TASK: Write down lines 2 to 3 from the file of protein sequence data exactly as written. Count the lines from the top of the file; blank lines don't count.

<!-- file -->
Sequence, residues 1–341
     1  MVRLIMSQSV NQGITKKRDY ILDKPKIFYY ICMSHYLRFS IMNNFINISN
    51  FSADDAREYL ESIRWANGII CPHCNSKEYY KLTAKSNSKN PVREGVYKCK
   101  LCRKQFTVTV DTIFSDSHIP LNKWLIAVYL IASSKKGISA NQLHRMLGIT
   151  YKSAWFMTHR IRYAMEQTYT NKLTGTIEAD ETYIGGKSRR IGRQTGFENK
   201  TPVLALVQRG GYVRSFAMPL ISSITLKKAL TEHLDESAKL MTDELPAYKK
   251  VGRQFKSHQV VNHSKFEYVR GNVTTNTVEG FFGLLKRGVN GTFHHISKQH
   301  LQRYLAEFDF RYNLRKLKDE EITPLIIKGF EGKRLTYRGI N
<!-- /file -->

     1  MVRLIMSQSV NQGITKKRDY ILDKPKIFYY ICMSHYLRFS IMNNFINISN
    51  FSADDAREYL ESIRWANGII CPHCNSKEYY KLTAKSNSKN PVREGVYKCK